used and reused, straighten and re-cut, refashioned and re-fit.  Nothing wasted
and nothing purchased unless absolutely necessary.
Like the native builders, the wood was sturdy, rough cut and versatile.  Regardless of how thick, Pio cut each board with a hacksaw, the only available saw at the time. Hearty and fit, Pio warmed our hearts with his smile and gracious manner.  Every day, he was at his nephew's side guiding and lending his experienced hand to the project. Like others, he made us feel so welcome and appreciated that we always looked forward to coming.  Fijian Christian music was always a part of the happy and serene atmosphere during construction, whether coming from their home or our car we would enjoy their beautiful voices as we worked.  There was never any frustration or anger when challenges arose. Rafele would just smile and say, "No worries, we can fix it."

Rafele's mother's home on left had water half way up the windows during flood #2



While Annie nailed the roof supports, one of the workers said:
"We've never seen a Fijian woman do like this!"


The crew: Rafele, his brother Josefa, a friend, and Uncle Pio
Cast off stick supports would become firewood - nothing lost or wasted!
On occasion, we went to the mill for needed supplies.  No safety rules kept us from walking through the plant and mingling with workers amidst the amazing machinery.

Now that's a band saw blade!
Pio and Rafele left us to do the flooring for the house - it was really satisfying but the very last slot was out of square.  Hoping for an understanding foreman, we went back to the mill and asked if we could rip two boards at a certain wedged angle.  They got excited over the prospect as we pushed these 12 foot boards through a table saw in a dangerous maneuver we never would have attempted at home (no such thing as OSHA rules in Fiji).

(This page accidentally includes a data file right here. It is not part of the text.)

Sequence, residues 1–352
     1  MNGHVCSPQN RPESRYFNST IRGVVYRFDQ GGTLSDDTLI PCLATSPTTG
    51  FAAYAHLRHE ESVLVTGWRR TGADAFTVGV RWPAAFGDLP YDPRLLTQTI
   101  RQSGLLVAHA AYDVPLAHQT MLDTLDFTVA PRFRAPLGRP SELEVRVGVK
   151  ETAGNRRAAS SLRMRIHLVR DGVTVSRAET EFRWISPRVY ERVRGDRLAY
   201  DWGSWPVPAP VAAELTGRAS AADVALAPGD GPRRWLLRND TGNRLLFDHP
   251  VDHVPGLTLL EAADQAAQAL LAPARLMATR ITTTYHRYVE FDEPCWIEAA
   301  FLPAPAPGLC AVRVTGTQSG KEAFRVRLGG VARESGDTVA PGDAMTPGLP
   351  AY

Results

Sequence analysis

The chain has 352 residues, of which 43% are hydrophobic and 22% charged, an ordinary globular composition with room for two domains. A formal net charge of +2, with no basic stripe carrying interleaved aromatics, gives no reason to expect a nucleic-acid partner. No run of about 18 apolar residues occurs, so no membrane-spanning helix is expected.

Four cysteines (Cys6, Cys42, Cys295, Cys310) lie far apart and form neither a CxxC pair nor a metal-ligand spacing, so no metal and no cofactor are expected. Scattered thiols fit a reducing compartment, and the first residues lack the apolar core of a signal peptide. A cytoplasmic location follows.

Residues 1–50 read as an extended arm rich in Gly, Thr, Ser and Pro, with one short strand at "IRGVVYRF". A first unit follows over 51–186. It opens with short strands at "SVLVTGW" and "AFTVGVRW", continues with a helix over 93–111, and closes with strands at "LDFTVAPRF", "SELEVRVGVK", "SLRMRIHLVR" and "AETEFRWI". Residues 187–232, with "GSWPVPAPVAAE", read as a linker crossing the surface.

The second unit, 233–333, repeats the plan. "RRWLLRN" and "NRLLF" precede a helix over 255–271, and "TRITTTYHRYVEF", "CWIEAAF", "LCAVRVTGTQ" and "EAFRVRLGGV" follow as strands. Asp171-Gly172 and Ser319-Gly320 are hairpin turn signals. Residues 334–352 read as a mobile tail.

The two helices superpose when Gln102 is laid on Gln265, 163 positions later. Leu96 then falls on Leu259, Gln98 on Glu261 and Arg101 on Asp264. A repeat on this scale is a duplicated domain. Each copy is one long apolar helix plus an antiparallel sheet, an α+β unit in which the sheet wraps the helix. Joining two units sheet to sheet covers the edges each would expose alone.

While the flooring boards were green, rough and irregular, we coaxed them into place
with pry bars, sweat, and ingenuity.  In the end, they would be covered by something like a vinyl
oilcloth (they call it "carpet") overlaid with mats and no one would notice the flaws.
When the metal siding and roofing began to go up, we asked how they were cutting the metal so precisely since we knew they had no metal cutting tools.  They proudly demonstrated the "poor-man's" technique -- which would make any rich man envious.  Straight, true, and efficient they teamed up using a simple piece of wire and sheer pressure to make just the right cuts.

It was a sad goodbye to leave this great family and not see the home to completion - really one of the hardest farewells we experienced in Ba.  How we came to love this family and were heartened by their cheery and optimistic conquering of such difficult circumstances. You can imagine how delighted we were to get this next picture of their finished home. So beautiful and we hope it is never flood tested!
Moved in the 2nd week of October, 2012

7 comments:

emily a. said...

Wow, I have so many thoughts.

One is how we take so much for granted here. I'm a little grumpy because of our old home and all of it's issues but it's so minor compared to these people.

You two are such a team! It's amazing to me with practically every post how prepared you have both been through your lives to be so handy and helpful to the Fijians. That man was right, not many Fijian's or American women could be found doing what Mom does.

What a beautiful home. So glad you documented this so well.

Matt said...

Holy cow....you built a home!!!! What an incredible story. I'm amazed by the ingenuity, the patience and happiness of the is family. What a blessing you were to them and visa-versa. When you turned your papers in, did you ever believe that meant you might build a home too?

PS...the home really did turn out great...so pretty!

auny nancy said...

I am truly inspired by the stories you send. You are blessed people, I give thanks for you and your Mission, your Spirit, and Love, and the humble nature with which you carry out your tasks.

Julie said...

Another great story thanks for sharing! Never know when this metal cutting technique will come in handy.

Heikki said...

You are an inspiration to us. What a great story, and an example of real service. It sure makes a great story for the grandkids! Thanks for sharing.

sixmoores said...

Thank you for sharing this story. It was truly what I needed to hear tonight. I loved it! I am so grateful for such amazing examples of happiness, hard work, creativity, patience, and love. Wow! You are doing amazing things there on your mission.

Vicki Rinne said...

Oh, and thanks for sharing the music clip. Beautiful!